If you asked me what my favorite type of fruit was, I could tell you in two ways.

Way #1: “Well, I like fruits with seeds. Sometimes they’re sweet; sometimes they’re sour. They have green leaves on the top. They’re pretty small, too.”

You might respond, “You mean a strawberry?”

I’d say yes, and you’d know my answer.

Or, I could tell you another way:

Way #2: “It’s a strawberry.”

Listening to the first answer is frustrating. After you figure it out it’s a strawberry you might say something like “why the hell didn’t you just tell me it was a strawberry?!”

But in the workplace, we take the first approach all the time in sharing our findings from our work.

With a simple question like a fruit, it seems obvious that you should just tell the person the name of the fruit. But when it comes to work, we are dealing with much more complex questions like, “How should we allocate our marketing budget?” or “What is the best way to communicate our product changes to the customer?” And when you are responsible for figuring these things out you end up spending a lot of time doing analysis, research, interviews, and then structuring your findings to communicate to other people in your organization.

You can’t just tell them the answer briefly.

Or can you?!!

In consulting, I was taught to start with the answer.

It feels weird because of a tendency I call book-report thinking. The tendency to feel like you need to “prove” to managers or senior leaders that you spend a lot of time working on something. Part of this comes from insecurity but another part comes from the reality that you went through your own extended learning journey with the information. If you spend twenty hours diving deep into the data, it can feel like you are hiding things by skipping to the “answer.”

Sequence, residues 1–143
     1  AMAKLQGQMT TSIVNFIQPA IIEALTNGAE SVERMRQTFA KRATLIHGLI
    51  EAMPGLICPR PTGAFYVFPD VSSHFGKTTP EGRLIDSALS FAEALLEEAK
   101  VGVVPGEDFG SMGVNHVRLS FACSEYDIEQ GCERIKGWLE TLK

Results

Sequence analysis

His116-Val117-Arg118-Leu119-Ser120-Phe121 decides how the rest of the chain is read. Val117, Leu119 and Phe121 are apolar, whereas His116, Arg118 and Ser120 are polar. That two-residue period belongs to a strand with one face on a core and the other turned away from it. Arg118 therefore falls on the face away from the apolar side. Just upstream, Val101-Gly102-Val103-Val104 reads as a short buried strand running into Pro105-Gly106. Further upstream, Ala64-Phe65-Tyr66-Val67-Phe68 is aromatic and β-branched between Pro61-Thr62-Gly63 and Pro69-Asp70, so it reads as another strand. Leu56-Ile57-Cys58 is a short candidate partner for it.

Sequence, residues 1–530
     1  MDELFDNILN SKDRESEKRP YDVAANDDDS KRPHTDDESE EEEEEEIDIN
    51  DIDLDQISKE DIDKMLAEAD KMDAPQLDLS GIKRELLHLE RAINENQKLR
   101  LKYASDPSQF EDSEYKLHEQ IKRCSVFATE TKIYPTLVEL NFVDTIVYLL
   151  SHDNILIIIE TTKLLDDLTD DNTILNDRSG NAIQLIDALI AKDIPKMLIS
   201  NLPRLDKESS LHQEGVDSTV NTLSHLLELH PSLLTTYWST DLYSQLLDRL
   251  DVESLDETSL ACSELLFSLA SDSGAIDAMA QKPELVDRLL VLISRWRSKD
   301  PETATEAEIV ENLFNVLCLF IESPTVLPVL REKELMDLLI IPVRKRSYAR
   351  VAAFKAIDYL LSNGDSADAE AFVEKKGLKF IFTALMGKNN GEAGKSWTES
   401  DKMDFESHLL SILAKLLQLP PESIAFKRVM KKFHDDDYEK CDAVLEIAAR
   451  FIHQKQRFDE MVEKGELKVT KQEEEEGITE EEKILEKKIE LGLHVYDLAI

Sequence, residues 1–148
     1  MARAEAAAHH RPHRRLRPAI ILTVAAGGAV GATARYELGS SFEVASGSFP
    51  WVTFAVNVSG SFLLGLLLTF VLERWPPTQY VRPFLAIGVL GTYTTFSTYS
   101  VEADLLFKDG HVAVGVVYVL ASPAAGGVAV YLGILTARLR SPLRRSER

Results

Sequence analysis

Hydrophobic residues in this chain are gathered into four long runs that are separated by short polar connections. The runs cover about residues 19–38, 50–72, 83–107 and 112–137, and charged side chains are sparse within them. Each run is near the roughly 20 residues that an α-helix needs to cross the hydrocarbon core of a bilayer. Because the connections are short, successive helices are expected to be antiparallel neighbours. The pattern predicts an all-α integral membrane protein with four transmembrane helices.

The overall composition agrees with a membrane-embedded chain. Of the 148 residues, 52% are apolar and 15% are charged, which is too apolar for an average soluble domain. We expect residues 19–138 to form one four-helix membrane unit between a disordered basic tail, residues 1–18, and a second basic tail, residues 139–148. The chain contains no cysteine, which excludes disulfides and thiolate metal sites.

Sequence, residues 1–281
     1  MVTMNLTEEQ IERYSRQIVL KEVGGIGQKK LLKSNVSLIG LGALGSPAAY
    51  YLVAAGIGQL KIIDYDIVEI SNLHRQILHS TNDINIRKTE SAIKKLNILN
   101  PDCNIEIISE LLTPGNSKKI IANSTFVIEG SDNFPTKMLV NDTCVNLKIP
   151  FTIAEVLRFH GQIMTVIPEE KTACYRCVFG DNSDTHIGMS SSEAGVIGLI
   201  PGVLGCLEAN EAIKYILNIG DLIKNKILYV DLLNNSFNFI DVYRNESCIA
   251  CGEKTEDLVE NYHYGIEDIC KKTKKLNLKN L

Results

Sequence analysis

But from the listener’s perspective, if you are taking them down a rabbit hole of detailed numbers and information it can be tedious and frustrating. As long as you are trying to build a strong relationship with your specific audience, you want to seek to resolve the tension in their mind about what I call the “so what?”

Details matter, of course, but people often don’t want to stick around for them unless you’ve laid out a compelling high-level vision for what the reader can expect. Almost all great stories begin with a high-level “hook” that creates suspense, gives context, or creates tension. Consider one of the best books of all time, Tale of Two Cities:

It was the best of times, it was the worst of times, it was the age of wisdom, it was the age of foolishness, it was the epoch of belief, it was the epoch of incredulity, it was the season of light, it was the season of darkness, it was the spring of hope, it was the winter of despair.”

While there’s not much detail in this passage it actually gives you a rather broad and inviting summary about what you are about to read.

In business communication, the high-level context is the “so what?” – This is the information that tells the audience of your message and why they should pay attention.

Don’t say, “Here is the financial information.” Say, “Given the recent challenges on our major product lines, this analysis will show the two major pressures that have put pressure on profitability.” When I give feedback to people on writing and presentations, I often just ask them, “What are you really trying to say?” Whatever they tell me I then respond with, “Just say that!”

Too often in the workplace, people say what they think they should say. This is a race to the bottom of jargon-filled empty language where everyone just proving they they know how to talk but don’t know how to think. My saying what you actually mean and why it matters, it becomes easy to stand out and be recognized for doing great work.

So remember. Start from the top. Tell people why it matters.

Do you have a toolkit for business problem solving? I created Think Like a Strategy Consultant as an online course to make the tools of strategy consultants accessible to driven professionals, executives, and consultants. This course teaches you how to synthesize information into compelling insights, structure your information in ways that help you solve problems, and develop presentations that resonate at the C-Level. Click here to learn more or if you are interested in getting started now, enroll in the self-paced version ($497) or hands-on coaching version ($997). Both versions include lifetime access and all future updates.